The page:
IPL: Mumbai rue bad luck and a poor finish

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The Pandya brothers are ecstatic after dismissing Glenn Maxwell BCCI

(ESPNcricinfo) Mumbai Indians are languishing at the bottom of the league after three successive losses. Two of those matches went down to the last ball, and the other to the penultimate delivery. A couple of those games were lost by a one-wicket margin too. Mumbai are the only team to not have won a toss this season, and Rohit Sharma’s bad luck has hurt them.

Teams have chosen to chase in all nine matches so far this IPL season, and won eight of them. The only unsuccessful chase was when Delhi Daredevils were set 71 to win in six overs in a rain-hit match. It is some credit to Mumbai that they have lost all the tosses and yet come so close to winning all the matches. They have the season’s top run-scorer, Suryakumar Yadav, and highest wicket-taker, Mayank Markande, in the dressing room, but no wins to show for it.

Against Delhi Daredevils on Saturday, in favourable chasing conditions at the Wankhede, Mumbai deployed a new plan once they lost the toss again. They opened with Suryakumar Yadav and he succeeded, playing unrestrained strokes on the ground where he has grown up playing domestic cricket.

Along with Evin Lewis, Suryakumar gave Mumbai their best Powerplay in the IPL and the highest opening stand this season. It was the perfect platform for the middle order to launch from, especially after No. 3 Ishan Kishan’s 44 off 23 balls.

Mumbai were 158 for 2 with Kishan and Rohit Sharma batting and five overs to go. Kieron Pollard and the Pandya brothers were wickets in hand. The struggle that followed in the next 21 deliveries was unexpected. Pollard was bowled first ball, Rohit and Hardik Pandya were undone by slower deliveries from Trent Boult. Krunal Pandya inside edged to the keeper and Mumbai ended on 194 for 7.

Rohit said later that Mumbai “had not capitalised on the last five overs” and “were not consistent in terms of how they wanted to take the innings through, not able to finish off games.”

Suryakumar also said Mumbai should have scored well over 200. “We were 10-15 runs short but still 180-plus score is a good score on any ground,” he said after the match. “It was defendable when we started, while fielding we wanted momentum and to take early wickets but we couldn’t get back. They batted really well and did not give us a chance in first 10-12 overs.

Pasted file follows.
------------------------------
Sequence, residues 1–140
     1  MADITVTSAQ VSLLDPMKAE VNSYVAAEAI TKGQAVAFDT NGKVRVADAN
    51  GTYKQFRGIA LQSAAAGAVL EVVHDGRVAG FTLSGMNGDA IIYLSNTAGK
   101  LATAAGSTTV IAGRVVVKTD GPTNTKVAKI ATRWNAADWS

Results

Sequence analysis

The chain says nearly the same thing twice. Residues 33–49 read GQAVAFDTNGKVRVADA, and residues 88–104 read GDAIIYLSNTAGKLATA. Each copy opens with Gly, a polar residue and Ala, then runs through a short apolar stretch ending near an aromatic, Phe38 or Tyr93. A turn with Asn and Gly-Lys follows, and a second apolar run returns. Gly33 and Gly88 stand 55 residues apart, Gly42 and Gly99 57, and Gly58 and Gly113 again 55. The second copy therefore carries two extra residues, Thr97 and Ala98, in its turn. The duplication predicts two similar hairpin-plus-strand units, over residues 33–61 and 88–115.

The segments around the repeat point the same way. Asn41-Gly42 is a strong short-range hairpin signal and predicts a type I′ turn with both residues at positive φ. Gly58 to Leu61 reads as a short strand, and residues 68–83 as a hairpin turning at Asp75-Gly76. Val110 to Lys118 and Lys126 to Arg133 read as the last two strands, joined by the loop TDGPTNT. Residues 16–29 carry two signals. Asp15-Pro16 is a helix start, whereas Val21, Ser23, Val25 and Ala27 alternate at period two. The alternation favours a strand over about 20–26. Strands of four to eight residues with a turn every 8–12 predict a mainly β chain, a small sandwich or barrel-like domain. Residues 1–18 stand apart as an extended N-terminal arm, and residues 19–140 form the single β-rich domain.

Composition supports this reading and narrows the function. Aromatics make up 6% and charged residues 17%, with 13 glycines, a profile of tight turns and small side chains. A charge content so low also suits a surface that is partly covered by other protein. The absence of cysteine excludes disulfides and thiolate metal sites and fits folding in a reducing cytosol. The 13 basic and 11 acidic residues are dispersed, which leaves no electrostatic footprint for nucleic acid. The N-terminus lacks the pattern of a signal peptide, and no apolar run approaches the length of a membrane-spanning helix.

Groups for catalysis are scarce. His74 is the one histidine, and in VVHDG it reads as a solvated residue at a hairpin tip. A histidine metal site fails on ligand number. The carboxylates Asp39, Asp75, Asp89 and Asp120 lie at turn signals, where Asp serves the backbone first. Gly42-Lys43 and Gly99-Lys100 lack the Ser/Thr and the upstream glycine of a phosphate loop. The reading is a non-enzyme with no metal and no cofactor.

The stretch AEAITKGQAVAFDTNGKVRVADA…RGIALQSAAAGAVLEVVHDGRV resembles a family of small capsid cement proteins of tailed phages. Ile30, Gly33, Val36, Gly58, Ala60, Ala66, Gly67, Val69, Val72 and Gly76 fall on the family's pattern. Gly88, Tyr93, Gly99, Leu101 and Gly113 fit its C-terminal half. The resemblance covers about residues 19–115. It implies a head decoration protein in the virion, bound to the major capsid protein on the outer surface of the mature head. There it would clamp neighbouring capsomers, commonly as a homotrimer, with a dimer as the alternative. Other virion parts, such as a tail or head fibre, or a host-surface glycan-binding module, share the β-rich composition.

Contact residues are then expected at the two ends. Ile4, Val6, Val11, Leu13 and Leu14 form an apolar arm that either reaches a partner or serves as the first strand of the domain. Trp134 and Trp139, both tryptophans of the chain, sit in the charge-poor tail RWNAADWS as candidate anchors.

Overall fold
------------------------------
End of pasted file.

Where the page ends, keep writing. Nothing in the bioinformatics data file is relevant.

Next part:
“It is little disappointing, not getting even one [win] out of three [matches]. But we know it has been done in the past as well, few games don’t take away anything. It’s a long tournament, we just need one game, then the momentum will be built from there.”

Like Mumbai, Daredevils also changed their opening combination by picking England’s Jason Roy instead of New Zealand’s Colin Munro. They also sent Rishabh Pant at No. 3, a position he had batted at only three times last season with a strike rate of 208. Glenn Maxwell, Shreyas Iyer and Daniel Christian were the middle-order muscle, and they didn’t need Christian on the day.

“As the situation demands, you have to be ready at any number you bat and all the players have to be on their toes,” Iyer said after he saw the chase through with Roy. “You have to get the best results at any position you are told to bat at. In some matches, the luck didn’t go our way but obviously all of us are hitting the ball really well.”

Daredevils had had little luck in their rain-shortened chase against Royals in Jaipur three days ago. Like it did for Gambhir’s men, Mumbai will hope theirs improves by the time Royal Challengers Bangalore come calling on Tuesday.

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